• The 12364 cell class is “new” – the truth is that this class has been in ASTM standards for about 35 years – this is not new!
     
  • PVC cell class is 5 numbers plus one letter – this was correct in the past, but ASTM eliminated the letter more than 15 years ago – this is not new either!

To find out more, click here to read the Tech Brief.

PVC Pipe Materials: Cell-Class Explained

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PVC Pipe Print Line – Valuable Information for Pipe Installers and Owners
Posted on April 15, 2014 by John Houle
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Each length of PVC pipe is required by its product standard to contain a line of print that describes the pipe.

Print information should be checked at several locations:

  1. At the manufacturing plant to ensure that the correct pipe is being shipped
  2. At the jobsite or storage yard to confirm that the pipe that was purchased is the pipe that has been received
  3. At the trench to ensure the specified pipe is being installed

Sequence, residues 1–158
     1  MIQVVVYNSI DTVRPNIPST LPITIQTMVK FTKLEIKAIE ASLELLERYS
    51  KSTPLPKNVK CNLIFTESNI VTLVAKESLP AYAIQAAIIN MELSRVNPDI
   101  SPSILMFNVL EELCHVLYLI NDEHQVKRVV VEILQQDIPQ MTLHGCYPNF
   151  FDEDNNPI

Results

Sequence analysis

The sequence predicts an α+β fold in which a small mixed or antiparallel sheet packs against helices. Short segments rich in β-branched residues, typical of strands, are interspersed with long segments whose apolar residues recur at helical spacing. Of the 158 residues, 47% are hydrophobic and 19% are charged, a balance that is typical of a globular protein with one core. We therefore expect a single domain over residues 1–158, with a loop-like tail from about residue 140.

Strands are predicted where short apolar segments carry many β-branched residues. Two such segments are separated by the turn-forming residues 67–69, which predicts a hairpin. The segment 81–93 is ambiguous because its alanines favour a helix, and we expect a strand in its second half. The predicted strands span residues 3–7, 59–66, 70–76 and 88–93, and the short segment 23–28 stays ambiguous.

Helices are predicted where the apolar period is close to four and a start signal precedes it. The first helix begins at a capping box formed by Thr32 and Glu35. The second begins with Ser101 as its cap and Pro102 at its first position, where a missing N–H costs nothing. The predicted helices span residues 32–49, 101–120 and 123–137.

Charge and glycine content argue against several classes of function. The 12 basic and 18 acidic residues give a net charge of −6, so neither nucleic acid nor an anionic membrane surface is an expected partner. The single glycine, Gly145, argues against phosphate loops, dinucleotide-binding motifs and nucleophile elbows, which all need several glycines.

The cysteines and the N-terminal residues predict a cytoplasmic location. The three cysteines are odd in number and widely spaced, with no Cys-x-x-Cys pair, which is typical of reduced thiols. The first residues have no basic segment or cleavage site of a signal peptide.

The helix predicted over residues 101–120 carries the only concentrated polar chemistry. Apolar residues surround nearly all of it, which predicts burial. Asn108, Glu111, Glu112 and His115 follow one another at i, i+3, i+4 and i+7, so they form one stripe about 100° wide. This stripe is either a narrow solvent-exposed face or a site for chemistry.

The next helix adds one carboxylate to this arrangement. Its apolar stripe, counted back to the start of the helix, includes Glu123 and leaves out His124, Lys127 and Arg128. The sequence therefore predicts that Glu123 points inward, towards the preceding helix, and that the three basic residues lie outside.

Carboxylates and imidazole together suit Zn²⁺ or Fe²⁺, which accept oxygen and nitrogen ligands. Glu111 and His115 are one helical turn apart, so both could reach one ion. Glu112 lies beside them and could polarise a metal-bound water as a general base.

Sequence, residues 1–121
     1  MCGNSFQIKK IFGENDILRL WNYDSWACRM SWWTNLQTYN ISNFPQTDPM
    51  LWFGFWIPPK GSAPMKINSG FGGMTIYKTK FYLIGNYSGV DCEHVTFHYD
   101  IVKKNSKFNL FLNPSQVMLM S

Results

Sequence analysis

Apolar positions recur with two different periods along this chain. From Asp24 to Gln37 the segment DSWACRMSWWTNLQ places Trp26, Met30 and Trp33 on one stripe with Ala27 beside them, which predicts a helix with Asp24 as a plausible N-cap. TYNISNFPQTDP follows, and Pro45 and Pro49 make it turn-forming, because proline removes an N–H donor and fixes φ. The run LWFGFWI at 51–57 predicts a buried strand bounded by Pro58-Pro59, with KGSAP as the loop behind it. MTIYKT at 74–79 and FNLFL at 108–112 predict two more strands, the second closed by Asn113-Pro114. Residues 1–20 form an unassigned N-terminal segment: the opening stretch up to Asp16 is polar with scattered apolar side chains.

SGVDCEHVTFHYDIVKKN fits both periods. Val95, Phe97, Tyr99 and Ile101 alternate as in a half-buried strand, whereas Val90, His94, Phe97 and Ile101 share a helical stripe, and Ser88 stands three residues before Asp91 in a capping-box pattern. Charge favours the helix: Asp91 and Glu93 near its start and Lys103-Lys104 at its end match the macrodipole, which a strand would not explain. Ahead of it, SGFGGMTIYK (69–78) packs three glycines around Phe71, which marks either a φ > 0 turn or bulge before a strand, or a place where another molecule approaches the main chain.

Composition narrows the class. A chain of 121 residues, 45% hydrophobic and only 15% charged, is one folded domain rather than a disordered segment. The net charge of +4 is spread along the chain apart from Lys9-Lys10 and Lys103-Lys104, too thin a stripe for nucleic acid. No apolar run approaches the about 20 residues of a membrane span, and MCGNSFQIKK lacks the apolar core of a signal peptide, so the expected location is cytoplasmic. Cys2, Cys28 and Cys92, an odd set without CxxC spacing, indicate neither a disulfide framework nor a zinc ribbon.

4. Any time the pipe is exposed after installation

The attached technical brief explains the details of print requirements and provides an example print line. Click here.

PVC Pipe Print Line – Valuable Information for Pipe Installers and Owners

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Occasional Surge Pressure for DI and PVC Pipe: Advantage PVC
Posted on April 1, 2014 by John Houle
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This document compares two pipe materials for response to “occasional surge,” a term that might not be well understood. AWWA standards define “occasional surge” as:

Occasional (emergency or transient) surge pressure: Surge pressures caused by emergency operations, usually the result of malfunction (such as power failure, sudden valve closure, or system component failure).

The design assumption is that an emergency event would occur at most only a few times in the life of the pipeline. For this reason, occasional surge is analyzed differently from “recurring surge” (also known as “cyclic surge”), which is a design condition for sewer forcemains.

The ductile iron (DI) industry promotes their material as superior to PVC for surge pressures. The attached comparison uses the same set of design conditions to compare PVC and DI for occasional surge pressure. See for yourself – both products are suitable for the static pressure, but the total pressure (including surge) in the DI pipe is 495 psi compared to 282 psi in the PVC pipe.

For ductile iron the total pressure is at 110% of the allowable pressure – redesign would be required. Meanwhile, for PVC the total pressure is only 75% of allowable.